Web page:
Feelings are highly addictive in and of themselves. As practitioners we must be wary of this and be out to steady our minds in the face of feelings rather than reflexly indulge in pleasure or to try to get away from pain. Body awareness helps – awareness of movement and posture. The physicality of the body has a steadying, grounding effect on feeling.
When feelings are not noted consciously they will turn into moods. Pain or discomfort will make us grumpy. When a pleasant feeling ends we will unhappy. With mindfulness however we can take feeling as information or feedback, and try to act skilfully.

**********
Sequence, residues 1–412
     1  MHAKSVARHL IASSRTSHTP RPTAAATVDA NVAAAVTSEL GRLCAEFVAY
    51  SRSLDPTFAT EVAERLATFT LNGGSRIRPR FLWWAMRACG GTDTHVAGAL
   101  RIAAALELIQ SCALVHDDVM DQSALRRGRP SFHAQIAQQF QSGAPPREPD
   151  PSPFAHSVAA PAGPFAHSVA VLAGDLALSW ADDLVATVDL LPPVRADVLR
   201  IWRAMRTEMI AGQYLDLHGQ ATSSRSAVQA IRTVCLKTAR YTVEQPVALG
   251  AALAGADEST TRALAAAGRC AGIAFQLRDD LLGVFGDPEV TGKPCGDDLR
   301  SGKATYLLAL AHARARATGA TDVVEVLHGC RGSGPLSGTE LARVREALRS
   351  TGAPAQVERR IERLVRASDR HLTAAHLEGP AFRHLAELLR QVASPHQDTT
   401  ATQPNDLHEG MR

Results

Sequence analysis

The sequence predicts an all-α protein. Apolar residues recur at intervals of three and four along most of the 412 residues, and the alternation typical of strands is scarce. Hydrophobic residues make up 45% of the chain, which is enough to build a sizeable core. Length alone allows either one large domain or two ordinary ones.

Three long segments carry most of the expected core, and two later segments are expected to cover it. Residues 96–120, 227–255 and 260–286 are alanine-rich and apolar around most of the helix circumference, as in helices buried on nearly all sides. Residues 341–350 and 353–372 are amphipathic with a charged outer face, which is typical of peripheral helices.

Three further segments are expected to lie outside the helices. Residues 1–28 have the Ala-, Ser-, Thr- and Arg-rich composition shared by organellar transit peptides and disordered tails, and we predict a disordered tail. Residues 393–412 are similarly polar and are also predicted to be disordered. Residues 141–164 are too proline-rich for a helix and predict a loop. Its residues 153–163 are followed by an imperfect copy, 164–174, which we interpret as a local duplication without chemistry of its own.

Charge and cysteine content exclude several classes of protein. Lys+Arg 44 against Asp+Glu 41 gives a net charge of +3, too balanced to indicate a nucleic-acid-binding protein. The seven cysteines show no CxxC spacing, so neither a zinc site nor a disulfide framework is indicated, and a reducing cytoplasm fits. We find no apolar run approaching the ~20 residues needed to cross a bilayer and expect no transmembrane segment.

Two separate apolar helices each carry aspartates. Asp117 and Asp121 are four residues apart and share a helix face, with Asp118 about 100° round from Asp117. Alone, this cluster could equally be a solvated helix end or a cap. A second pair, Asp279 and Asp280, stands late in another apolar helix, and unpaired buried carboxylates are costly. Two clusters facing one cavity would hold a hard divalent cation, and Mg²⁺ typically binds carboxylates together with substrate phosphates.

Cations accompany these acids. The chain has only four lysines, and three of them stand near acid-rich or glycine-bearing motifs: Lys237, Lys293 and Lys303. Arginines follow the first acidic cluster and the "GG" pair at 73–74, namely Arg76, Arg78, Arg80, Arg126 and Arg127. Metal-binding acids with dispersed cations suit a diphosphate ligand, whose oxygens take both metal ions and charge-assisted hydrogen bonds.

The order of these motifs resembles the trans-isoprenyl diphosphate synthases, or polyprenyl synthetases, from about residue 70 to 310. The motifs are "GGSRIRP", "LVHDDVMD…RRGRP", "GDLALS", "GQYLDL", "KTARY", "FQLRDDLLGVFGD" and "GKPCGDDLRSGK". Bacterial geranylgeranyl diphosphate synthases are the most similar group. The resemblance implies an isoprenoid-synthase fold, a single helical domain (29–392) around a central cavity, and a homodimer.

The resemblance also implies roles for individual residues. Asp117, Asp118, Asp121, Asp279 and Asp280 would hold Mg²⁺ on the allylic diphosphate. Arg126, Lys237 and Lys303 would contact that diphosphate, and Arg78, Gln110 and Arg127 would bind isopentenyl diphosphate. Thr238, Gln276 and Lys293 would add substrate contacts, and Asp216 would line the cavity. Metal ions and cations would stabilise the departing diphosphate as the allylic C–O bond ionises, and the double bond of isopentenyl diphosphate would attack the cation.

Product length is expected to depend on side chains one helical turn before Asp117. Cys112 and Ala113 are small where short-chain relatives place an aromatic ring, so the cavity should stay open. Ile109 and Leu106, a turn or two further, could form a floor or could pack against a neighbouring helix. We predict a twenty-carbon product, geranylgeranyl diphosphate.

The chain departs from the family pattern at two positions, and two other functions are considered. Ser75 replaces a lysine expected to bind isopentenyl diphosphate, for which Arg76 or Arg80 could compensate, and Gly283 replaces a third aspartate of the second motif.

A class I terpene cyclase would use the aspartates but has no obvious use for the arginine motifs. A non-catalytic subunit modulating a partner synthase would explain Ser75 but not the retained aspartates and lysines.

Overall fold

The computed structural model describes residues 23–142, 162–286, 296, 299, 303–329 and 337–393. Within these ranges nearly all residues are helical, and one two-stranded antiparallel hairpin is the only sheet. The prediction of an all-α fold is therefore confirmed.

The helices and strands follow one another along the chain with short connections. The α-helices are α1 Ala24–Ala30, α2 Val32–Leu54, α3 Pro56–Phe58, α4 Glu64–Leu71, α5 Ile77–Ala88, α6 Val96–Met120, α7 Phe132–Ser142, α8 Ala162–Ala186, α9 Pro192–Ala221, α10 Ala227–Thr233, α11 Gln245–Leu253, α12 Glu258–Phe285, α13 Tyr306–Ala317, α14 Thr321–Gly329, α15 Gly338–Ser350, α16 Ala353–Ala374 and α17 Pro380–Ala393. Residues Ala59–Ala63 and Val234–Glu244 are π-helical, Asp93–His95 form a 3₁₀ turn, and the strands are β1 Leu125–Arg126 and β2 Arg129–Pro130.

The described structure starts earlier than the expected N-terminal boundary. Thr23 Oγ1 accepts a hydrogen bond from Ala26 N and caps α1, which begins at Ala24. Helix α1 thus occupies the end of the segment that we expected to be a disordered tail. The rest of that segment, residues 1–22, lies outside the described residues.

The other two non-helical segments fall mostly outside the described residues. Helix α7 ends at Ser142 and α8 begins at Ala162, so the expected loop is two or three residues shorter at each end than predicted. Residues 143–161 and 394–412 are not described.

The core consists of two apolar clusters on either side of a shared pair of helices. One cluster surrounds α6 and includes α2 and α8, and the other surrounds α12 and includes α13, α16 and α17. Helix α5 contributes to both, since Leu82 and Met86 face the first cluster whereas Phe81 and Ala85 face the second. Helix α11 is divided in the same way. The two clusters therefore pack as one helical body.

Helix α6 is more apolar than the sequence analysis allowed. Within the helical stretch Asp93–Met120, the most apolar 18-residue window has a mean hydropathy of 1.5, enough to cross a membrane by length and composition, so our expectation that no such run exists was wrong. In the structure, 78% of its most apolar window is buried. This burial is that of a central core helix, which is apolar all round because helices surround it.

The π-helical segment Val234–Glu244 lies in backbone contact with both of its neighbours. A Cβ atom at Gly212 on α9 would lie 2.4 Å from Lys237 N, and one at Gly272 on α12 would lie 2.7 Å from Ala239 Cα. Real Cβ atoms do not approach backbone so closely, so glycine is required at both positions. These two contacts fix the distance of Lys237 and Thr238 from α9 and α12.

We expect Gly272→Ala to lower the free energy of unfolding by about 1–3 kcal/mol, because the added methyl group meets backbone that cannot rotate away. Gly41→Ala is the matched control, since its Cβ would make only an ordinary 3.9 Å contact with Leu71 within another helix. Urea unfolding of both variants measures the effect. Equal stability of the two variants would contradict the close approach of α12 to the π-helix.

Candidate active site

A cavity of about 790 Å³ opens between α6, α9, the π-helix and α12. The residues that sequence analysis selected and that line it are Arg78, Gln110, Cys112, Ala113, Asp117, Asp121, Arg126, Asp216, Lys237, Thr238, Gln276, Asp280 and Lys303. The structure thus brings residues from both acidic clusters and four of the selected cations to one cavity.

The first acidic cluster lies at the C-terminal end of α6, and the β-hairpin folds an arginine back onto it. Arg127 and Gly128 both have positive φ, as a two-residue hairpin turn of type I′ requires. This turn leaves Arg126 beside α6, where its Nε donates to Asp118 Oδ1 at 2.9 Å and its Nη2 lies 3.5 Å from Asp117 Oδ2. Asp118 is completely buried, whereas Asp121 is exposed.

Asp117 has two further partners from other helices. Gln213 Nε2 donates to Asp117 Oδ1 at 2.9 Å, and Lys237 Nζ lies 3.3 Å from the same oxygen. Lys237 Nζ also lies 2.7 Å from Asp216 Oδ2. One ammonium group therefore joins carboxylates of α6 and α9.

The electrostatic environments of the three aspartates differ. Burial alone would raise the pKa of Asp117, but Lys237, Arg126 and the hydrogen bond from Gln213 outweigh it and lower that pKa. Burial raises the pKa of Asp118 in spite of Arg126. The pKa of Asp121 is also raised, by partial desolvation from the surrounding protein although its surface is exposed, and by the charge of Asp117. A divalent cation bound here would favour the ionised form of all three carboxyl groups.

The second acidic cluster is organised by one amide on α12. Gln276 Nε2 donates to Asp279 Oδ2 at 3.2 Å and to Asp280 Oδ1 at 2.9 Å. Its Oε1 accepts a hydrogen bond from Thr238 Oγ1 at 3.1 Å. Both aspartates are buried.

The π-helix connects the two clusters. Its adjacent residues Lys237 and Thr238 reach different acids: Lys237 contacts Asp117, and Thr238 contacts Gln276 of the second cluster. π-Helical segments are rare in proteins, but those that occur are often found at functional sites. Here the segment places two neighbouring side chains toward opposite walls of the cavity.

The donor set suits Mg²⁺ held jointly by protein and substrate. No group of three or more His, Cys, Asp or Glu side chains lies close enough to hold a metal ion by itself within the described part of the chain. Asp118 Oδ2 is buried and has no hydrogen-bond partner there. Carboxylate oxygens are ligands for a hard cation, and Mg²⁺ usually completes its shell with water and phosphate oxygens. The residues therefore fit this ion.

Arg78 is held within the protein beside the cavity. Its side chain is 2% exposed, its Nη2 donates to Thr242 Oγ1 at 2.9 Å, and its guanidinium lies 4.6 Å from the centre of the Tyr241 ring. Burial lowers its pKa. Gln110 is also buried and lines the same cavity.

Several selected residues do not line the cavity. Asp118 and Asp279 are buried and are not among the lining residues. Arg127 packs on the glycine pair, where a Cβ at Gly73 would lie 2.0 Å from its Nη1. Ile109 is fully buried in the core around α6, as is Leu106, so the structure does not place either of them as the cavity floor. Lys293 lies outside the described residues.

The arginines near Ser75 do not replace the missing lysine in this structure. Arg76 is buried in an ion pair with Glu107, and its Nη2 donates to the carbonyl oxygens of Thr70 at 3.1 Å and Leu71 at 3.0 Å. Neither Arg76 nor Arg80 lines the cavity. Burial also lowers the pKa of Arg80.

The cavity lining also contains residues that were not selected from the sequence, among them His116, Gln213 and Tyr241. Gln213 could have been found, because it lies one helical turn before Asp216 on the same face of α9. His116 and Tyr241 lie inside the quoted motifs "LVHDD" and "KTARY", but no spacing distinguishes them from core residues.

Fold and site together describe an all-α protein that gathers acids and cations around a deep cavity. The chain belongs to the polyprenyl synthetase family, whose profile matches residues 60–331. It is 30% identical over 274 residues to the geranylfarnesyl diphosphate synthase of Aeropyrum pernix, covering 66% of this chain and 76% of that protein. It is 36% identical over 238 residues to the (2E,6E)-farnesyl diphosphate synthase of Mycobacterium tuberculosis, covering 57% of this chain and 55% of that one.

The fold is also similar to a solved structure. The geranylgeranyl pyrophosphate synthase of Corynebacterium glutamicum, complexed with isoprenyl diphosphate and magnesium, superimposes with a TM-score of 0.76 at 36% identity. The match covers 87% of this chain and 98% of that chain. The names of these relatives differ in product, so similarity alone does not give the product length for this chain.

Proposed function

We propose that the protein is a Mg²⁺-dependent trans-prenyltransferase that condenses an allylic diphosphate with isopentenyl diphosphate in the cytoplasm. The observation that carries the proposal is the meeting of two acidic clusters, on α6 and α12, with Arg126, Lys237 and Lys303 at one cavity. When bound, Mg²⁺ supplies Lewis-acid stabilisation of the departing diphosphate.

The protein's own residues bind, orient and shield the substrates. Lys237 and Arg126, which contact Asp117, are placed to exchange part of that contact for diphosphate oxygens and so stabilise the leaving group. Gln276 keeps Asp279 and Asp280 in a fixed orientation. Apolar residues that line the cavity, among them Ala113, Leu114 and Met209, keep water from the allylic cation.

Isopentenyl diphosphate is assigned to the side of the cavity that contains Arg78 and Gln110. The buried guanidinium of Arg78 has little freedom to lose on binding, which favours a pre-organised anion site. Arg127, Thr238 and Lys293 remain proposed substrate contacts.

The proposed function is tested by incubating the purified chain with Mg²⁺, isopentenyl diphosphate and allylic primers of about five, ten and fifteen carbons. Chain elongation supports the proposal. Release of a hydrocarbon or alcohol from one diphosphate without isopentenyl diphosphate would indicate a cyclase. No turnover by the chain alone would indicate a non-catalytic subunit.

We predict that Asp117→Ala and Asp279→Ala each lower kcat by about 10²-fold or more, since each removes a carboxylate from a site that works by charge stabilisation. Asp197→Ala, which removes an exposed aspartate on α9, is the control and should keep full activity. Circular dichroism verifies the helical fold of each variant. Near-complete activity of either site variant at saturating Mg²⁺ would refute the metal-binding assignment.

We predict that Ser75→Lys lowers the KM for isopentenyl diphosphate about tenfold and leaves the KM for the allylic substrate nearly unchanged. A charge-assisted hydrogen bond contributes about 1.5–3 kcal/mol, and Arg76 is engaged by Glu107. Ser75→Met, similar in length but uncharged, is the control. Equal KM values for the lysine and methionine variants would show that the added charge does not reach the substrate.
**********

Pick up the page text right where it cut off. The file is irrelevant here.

People who meditate to open up to their feelings over-sensitise and turn neurotic. They can also become confused as to which feelings are self-generated and which are a response to something or someone else. People can even imagine they are beginning to feel other people's feelings directly, as if feeling has become some kind of energy like electricity. This is all deluded. It is not possible to directly feel other people's feelings. This is not empathy. All feelings arise out of perception. Empathy comes from sharing the perception of another person, seeing something for a moment through their eyes. The most powerful feelings come from the most powerful perceptions.
And a truly open mind is like a question, not an answer.
I offer this for your reflection